In a landmark ruling, U.S. District Judge James Robart on Wednesday found the Seattle Police Department in “full and effective compliance” with court-ordered reforms imposed on the city more than five years ago after a string of high-profile incidents involving use of force.

Seattle Mayor Jenny Durkan addresses reporters about a judge’s finding that Seattle Police are in compliance with federal reforms addressing use of force and other behaviors. (Dean Rutz/The Seattle Times)

Seattle police found in ‘full and effective compliance’ with court-ordered reforms.

…the ruling represents a major turning point for the Police Department, recognizing its accomplishments since the city entered into a consent decree with the U.S. Justice Department in July 2012 to address allegations that officers had engaged in a “pattern or practice” of using excessive force and displayed troubling evidence of biased policing.

“This is a very significant and good day for the city of Seattle, for the Police Department and for the community,” Durkan said, flanked by the department’s brass and city leaders.

Robart, who has overseen the consent decree, granted a motion, filed by the city in September, asking that it be found in full compliance with the agreement. The Justice Department and Community Police Commission, a citizen body created as part of the consent decree, had joined in the city’s request.

The department began to move toward compliance under the leadership of former Seattle Police Chief Kathleen O’Toole, an ex-Boston police commissioner who was hired by the city in June 2014 at a time the reform effort was foundering.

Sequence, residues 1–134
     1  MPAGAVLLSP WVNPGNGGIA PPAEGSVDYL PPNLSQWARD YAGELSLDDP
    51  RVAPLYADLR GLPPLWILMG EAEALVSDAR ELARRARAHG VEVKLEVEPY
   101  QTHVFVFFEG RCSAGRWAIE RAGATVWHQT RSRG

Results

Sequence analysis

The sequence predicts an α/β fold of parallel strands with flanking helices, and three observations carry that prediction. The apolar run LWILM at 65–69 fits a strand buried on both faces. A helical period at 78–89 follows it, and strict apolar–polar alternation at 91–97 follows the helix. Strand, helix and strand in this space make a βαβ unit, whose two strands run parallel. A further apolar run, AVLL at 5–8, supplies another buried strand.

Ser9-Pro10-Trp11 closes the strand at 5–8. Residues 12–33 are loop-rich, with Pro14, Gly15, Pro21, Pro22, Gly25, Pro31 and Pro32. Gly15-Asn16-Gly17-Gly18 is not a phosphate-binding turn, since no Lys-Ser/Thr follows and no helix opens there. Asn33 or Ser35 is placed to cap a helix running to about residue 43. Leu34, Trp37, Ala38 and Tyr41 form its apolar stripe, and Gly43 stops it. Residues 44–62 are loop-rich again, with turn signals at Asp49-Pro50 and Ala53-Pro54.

The most significant finding occurred last April, when Bobb issued a report concluding the department had carried out a dramatic turnaround in the use of force.

Citing data and case samples over a 28-month period, the monitor found overall use of force dropped both across time under the consent decree and when compared with the period that led to the Justice Department’s findings in 2011.

In contrast to the 2011 numbers, there had been what appeared to be a net decrease of 743 incidents — a 60 percent drop — in the use of moderate and high-level use of force. Of 2,385 incidents, 39, or 1.6 percent, stemmed from the most serious type of force, including 15 officer-involved shootings.

Tim Burgess, the former Seattle City Council member who spearheaded reform and was praised Wednesday by city leaders, issued a statement on Robart’s ruling, saying, “This is such wonderful news. Lots of people deserve credit, especially the officers, detectives and civilian employees of SPD.

Seattle Times
Originally published January 10, 2018

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